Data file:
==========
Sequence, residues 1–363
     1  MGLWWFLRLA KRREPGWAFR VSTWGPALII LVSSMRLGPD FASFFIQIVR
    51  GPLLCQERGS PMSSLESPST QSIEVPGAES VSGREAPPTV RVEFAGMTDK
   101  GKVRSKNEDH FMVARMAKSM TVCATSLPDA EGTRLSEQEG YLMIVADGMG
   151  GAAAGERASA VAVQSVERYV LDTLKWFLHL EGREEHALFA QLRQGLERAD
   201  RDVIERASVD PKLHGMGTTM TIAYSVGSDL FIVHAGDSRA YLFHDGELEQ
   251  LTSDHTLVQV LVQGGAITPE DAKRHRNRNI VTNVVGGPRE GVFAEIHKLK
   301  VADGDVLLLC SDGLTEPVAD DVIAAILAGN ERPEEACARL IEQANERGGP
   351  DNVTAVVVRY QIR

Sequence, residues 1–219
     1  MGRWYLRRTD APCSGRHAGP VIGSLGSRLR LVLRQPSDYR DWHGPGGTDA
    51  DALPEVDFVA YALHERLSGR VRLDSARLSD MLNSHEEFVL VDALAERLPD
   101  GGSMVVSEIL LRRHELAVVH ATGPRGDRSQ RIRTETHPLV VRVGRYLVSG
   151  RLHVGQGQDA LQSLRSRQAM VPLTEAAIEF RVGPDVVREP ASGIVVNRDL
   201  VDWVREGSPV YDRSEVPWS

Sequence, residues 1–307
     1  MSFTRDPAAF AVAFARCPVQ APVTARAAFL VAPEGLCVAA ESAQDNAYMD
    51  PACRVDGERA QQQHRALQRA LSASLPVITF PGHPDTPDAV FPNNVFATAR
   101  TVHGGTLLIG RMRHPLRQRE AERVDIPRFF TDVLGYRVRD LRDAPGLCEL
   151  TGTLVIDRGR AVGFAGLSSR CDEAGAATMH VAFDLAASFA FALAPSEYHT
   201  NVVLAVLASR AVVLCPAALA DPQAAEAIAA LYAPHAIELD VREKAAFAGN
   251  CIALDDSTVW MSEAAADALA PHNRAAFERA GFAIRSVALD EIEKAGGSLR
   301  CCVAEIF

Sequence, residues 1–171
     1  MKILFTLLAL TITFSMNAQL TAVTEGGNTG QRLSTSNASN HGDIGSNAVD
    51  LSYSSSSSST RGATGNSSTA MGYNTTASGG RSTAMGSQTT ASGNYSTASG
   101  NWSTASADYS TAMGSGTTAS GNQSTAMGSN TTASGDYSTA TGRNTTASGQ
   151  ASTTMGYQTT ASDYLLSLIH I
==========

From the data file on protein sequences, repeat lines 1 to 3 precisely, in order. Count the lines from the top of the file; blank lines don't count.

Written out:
Sequence, residues 1–363
     1  MGLWWFLRLA KRREPGWAFR VSTWGPALII LVSSMRLGPD FASFFIQIVR
    51  GPLLCQERGS PMSSLESPST QSIEVPGAES VSGREAPPTV RVEFAGMTDK